Science & Environment

National Trust enters English forest sell-off row

Knightwood Oak in the New Forest, Hampshire
Image caption Currently, 18% of England's forests are publicly owned

The National Trust is promising to "play its part" in protecting England's ancient woodlands if a planned sell-off of publicly-owned forests goes ahead.

Up to 2,500 sq km could enter private hands, but critics say that would damage nature and restrict access.

The National Trust says it is looking at various options, including buying the most sensitive areas, such as the New Forest, itself.

The government said it welcomed ideas from all interested parties.

A consultation has been launched on the future of about 1,500 pieces of land in England - the 18% of English forests owned by the Forestry Commission.

Under the government's proposals, commercially valuable forests, such as Kielder, could be sold to timber companies on long leases, while communities, charities and even local authorities would have the opportunity to buy or lease other areas.

Ministers say ancient woodlands, such as the New Forest and the Forest of Dean, would be kept out of commercial hands and instead be managed by charities, with access rights preserved.

'Special places'

The National Trust, which protects buildings, countryside and coastlines in England, Wales and Northern Ireland, said the plans were "a watershed moment in the history of the nation".

"If the government is determined to pursue the course of action it has outlined and the public wish us to, we are ready to play our part in giving them a secure future," the charity said in a statement.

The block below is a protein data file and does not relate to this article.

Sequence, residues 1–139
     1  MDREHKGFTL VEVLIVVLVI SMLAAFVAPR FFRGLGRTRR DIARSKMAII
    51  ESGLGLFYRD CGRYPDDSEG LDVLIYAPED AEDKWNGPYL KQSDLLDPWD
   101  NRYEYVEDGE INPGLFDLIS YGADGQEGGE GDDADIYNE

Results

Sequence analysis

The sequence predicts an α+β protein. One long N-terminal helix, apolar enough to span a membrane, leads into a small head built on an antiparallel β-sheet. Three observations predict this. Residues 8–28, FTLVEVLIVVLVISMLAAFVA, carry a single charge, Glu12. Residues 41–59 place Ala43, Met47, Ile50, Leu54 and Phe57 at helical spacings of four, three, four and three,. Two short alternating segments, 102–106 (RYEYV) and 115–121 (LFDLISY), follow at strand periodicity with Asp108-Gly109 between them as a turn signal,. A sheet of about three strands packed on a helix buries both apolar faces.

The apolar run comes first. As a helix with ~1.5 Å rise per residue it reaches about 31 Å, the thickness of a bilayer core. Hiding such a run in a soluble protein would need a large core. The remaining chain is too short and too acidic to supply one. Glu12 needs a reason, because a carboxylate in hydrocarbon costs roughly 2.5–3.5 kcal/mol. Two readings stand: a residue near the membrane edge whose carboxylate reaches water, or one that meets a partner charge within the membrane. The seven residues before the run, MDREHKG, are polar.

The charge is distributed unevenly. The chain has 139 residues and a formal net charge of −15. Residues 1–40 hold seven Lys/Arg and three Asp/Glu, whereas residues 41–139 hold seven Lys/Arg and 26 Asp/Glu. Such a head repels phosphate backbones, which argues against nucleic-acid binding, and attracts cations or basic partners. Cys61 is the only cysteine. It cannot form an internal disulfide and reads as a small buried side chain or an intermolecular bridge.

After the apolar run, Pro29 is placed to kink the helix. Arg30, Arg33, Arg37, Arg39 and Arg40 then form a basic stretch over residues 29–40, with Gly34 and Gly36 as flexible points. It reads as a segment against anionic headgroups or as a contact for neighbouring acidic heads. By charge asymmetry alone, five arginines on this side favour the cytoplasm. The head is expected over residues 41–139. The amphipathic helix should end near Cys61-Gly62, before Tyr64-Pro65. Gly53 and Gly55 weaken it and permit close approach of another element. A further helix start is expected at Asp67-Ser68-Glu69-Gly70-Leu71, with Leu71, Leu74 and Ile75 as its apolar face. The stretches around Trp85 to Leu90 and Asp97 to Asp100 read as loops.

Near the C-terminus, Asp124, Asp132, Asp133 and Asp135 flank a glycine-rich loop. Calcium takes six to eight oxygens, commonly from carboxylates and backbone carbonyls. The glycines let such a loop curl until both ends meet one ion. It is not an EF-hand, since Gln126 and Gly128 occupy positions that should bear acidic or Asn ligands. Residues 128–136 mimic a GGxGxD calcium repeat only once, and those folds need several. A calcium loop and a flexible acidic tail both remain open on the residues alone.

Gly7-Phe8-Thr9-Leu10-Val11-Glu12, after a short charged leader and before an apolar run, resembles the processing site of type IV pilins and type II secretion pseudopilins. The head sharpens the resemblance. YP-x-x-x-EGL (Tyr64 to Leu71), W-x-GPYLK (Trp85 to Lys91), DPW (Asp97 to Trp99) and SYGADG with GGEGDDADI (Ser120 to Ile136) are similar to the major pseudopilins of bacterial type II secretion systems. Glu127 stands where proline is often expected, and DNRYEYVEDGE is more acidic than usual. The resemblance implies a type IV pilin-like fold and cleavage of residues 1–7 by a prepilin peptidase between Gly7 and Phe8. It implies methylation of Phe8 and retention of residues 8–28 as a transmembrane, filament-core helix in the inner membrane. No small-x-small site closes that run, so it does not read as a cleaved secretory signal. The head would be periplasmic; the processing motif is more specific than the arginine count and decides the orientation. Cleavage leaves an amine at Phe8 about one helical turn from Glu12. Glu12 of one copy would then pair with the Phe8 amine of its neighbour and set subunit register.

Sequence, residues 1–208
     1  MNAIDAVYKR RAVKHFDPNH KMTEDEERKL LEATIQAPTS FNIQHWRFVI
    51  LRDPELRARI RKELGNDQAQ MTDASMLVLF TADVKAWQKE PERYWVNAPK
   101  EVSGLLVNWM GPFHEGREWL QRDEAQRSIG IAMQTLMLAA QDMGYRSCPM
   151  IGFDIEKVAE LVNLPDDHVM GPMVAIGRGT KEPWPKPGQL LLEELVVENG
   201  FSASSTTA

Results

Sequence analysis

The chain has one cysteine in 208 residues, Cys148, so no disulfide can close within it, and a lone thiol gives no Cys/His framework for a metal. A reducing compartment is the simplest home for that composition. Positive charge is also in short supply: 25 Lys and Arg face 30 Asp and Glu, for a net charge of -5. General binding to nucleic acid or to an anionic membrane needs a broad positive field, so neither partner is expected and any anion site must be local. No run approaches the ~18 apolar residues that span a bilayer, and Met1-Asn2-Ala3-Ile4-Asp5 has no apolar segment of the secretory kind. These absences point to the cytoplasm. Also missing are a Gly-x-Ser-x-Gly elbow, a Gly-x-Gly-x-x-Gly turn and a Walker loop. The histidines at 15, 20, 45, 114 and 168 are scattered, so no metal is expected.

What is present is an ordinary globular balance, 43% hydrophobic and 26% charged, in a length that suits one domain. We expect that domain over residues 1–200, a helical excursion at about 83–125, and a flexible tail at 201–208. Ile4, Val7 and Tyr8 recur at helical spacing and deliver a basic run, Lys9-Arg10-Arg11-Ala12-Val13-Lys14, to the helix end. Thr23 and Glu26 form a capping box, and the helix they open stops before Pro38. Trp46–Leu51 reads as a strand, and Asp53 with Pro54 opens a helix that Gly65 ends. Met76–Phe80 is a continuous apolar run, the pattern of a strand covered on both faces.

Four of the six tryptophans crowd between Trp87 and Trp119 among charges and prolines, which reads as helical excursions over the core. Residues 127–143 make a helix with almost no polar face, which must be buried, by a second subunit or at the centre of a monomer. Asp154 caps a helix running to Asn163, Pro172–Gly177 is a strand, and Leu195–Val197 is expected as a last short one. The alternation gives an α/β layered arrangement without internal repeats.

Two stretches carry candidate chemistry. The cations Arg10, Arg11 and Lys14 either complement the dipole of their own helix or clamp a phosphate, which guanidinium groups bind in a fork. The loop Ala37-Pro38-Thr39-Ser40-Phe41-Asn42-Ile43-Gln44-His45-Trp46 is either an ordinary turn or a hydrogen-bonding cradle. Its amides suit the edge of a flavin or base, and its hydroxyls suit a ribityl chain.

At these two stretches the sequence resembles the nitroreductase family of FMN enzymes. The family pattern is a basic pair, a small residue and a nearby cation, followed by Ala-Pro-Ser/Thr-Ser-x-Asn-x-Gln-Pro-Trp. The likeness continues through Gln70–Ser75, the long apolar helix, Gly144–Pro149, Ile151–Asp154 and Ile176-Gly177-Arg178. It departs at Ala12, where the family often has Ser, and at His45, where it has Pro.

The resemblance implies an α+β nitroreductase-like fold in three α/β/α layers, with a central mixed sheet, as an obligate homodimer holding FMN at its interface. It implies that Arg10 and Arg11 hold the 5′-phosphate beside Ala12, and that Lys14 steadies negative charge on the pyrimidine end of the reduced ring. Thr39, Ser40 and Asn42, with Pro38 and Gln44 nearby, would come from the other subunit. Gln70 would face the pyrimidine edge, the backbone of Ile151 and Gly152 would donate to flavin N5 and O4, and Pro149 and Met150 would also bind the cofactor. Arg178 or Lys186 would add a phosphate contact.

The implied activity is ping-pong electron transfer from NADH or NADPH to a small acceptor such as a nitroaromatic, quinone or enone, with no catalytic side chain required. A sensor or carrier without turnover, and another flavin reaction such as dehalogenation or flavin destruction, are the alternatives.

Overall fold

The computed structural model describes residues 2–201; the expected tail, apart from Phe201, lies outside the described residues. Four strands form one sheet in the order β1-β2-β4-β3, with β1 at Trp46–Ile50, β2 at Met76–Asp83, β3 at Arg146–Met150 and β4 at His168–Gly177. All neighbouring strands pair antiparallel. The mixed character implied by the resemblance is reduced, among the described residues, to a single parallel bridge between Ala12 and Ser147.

"It is therefore essential and urgent that everyone who cares for these special places now make their voices heard over what should happen to them.

"The secretary of state has given assurances that access, conservation and the amenity value of these forests will be guaranteed in perpetuity, but there is, as yet, no explanation as to how this will be ensured."

The Trust is said to be considering a number of options, including taking over forests itself, but because of the large costs involved, it is hoping to enter into discussions with potential partner organisations.

It is now asking conservationists, charities and ordinary forest users to come forward with their suggestions on how it should proceed.

Responding to the Trust's statement, a spokesman for the Department of Environment, Food and Rural Affairs (Defra) said it was "interested to hear ideas from all interested parties as part of this consultation process".

Environment Secretary Caroline Spelman has said it is "time for the government to step back" for forest management, while ensuring "that public access is maintained and biodiversity protected".

But high-profile opponents, including the Archbishop of Canterbury, Dame Judi Dench and author Bill Bryson, have described the privatisation as "unconscionable".

And the campaign group 38 Degrees says more than 250,000 people have signed its online Save Our Forests petition.

The consultation runs until mid-April. Scotland, Wales and Northern Ireland are not affected by the plans.

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